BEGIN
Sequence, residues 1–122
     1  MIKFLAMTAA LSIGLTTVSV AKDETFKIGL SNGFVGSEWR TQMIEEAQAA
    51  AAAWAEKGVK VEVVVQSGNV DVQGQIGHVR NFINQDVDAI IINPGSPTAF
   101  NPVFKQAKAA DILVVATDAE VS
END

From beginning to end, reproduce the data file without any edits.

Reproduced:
Sequence, residues 1–122
     1  MIKFLAMTAA LSIGLTTVSV AKDETFKIGL SNGFVGSEWR TQMIEEAQAA
    51  AAAWAEKGVK VEVVVQSGNV DVQGQIGHVR NFINQDVDAI IINPGSPTAF
   101  NPVFKQAKAA DILVVATDAE VS